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Letter: Keeping our communities healthy


Growing up on the prairie, the metaphor of roots has always been important to me, conjuring images of fields and flower beds. My roots are the land and the people that have nurtured me, helped me grow, and ultimately keep me connected to this place. So, as the CEO of an organization that works to support strong and healthy communities throughout the Dakotas, I was pleased to partner with Gov. Doug Burgum to declare August 4-10 Community Healthcare Week in North Dakota, with the theme of “America’s Health Centers: Rooted in Communities.”

Recently, I heard a story on public radio that expanded my understanding about roots and how they keep an ecosystem strong. Prior to the work of a forest scientist named Suzanne Simard , we thought of plants and trees primarily competed for nutrients and water. Simard’s work has shown that forests are actually a highly interconnected network that is constantly exchanging nutrients and other essential information about forest life underground through its roots. Strong trees can send extra nutrients to smaller or weaker trees when they are particularly stressed. The largest, oldest trees, also known as “mother trees,” can help to feed and protect a network of smaller trees in their area. That is part of the reason that when a forest is clear-cut, the new trees that are planted tend to be more susceptible to disease and death. But, when we retain key parts of a forest, it is remarkably capable of healing itself and supporting new growth.

I think that’s pretty cool.

So, how does this metaphor relate to community health centers?

Like “mother trees,” community health centers help to nurture strong local communities. CHCs are all nonprofit mission-driven organizations governed by local, community-based boards. They keep communities healthy by providing comprehensive, integrated primary and preventive care to everyone regardless of insurance status or ability to pay. In 2018, North Dakota CHCs provided high-quality, cost-effective care to over 40,000 individuals at 21 delivery sites in 19 communities. They provided medical, dental, behavioral health and school-based care.


In our rural communities, health centers help sustain access to health care in communities that might not otherwise have it. We have all seen the powerful impact to a community when a part of the local ecosystem — whether it is a local business, school, or health services — are removed. As with a forest, a certain number of trees can be taken away and forest can survive, but if there are too many lost or a really impactful tree disappears, the whole system could become susceptible to disease and decay.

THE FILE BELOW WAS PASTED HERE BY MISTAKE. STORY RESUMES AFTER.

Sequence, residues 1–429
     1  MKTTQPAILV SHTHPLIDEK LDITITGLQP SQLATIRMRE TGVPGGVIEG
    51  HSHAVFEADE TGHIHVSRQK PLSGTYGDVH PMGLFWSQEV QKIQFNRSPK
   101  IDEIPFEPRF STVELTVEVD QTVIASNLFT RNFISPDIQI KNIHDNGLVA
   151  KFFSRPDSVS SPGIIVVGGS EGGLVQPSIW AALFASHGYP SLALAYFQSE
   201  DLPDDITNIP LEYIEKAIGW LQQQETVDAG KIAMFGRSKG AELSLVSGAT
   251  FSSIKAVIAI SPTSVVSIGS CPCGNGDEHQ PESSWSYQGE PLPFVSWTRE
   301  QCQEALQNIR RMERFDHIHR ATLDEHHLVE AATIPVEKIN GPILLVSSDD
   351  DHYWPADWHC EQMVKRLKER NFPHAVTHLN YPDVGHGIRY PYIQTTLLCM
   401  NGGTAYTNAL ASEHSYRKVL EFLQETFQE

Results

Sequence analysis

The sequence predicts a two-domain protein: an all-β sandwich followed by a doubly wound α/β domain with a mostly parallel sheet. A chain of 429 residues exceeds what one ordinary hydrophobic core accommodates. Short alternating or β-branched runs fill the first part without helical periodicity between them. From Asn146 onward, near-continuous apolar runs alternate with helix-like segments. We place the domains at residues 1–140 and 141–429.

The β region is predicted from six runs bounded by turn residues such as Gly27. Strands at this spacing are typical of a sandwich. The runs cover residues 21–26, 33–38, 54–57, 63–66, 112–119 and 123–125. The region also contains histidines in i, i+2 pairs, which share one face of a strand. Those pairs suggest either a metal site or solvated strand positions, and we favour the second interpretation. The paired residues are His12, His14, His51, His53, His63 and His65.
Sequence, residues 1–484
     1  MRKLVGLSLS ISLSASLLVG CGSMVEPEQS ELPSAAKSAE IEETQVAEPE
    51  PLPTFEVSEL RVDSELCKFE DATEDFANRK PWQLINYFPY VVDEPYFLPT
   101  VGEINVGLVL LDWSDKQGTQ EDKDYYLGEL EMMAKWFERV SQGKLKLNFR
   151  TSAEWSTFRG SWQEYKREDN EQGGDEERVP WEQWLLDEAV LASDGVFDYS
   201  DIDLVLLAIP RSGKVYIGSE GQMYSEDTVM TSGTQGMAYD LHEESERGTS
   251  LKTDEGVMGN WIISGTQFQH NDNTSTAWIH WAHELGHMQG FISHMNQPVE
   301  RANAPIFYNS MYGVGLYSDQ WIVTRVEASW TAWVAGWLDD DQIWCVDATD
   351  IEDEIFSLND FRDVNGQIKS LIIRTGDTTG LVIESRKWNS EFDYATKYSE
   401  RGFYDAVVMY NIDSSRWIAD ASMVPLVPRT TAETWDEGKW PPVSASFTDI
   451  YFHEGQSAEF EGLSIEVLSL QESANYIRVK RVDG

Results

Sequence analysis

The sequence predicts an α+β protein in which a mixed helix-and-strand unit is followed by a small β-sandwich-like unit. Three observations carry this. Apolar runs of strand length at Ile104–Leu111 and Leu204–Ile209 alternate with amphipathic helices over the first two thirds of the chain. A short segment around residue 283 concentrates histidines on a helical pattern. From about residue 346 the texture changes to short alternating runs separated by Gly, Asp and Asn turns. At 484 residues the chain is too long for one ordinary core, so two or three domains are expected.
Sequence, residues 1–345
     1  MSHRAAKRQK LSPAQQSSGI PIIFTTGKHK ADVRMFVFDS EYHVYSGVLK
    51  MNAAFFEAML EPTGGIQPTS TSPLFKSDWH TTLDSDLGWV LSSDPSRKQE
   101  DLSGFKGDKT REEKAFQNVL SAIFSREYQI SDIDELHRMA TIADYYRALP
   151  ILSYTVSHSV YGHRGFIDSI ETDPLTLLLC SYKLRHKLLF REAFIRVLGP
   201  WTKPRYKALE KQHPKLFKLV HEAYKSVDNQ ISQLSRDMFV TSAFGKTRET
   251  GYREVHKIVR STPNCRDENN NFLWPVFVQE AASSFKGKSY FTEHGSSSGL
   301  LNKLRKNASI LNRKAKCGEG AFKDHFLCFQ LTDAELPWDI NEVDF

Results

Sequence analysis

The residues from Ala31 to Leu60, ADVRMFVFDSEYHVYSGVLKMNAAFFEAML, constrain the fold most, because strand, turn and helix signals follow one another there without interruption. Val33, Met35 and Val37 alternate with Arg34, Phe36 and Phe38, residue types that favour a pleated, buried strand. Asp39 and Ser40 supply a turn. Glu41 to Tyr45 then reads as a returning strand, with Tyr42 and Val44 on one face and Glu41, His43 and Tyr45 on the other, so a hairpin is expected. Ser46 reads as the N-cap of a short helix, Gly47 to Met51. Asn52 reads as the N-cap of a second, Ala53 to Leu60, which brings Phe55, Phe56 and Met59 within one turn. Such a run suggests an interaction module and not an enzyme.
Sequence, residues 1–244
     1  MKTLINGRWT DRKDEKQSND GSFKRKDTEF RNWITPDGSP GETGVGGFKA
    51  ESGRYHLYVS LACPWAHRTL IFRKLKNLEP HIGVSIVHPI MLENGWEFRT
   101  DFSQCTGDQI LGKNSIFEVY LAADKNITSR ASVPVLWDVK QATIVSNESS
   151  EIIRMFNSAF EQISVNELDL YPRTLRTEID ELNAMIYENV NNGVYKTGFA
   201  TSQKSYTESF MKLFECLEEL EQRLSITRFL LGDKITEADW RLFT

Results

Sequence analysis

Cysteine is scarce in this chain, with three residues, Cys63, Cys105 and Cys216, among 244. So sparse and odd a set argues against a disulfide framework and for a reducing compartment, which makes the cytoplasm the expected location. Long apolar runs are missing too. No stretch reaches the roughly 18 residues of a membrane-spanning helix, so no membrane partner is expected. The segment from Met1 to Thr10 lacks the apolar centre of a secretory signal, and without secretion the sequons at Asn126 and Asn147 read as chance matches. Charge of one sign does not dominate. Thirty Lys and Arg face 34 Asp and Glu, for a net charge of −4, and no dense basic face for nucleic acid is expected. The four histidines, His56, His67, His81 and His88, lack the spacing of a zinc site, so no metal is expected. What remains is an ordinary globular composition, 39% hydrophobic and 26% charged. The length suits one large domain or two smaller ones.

The state’s health centers are also keeping communities healthy through their impact on local economies. A recent report from the Black Hills Knowledge Network and the Community Healthcare Association of the Dakotas shows that CHCs contribute over $68 million and more than 600 jobs to our state’s economy.

To learn more about the community health centers and their impact on your community, visit or follow us on Facebook or Twitter this week as we celebrate Community Health Center Week.

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Miller writes, "There must be conservative voices out there who actually practice common sense and critical thinking. I wish The Forum could find some."
Jackson writes, "A recent study found North Dakota ranks 44 out of 51 on an Education Freedom Index of U.S. states. When it comes to education freedom for families, North Dakota is the lowest ranking state in the region and among the worst in the nation."
Kalil writes, "To sum it up, destroy the forest, eliminate ladyslippers, create barren hillsides and road ditches, increase deer-vehicle collisions, and promote high-speed traffic all at a cost of about $9 million."
Burgum writes, "A great number of people, not only in Fargo, but North Dakota and the country, appreciate and thank President Bresciani for his wonderful leadership and dedication to NDSU."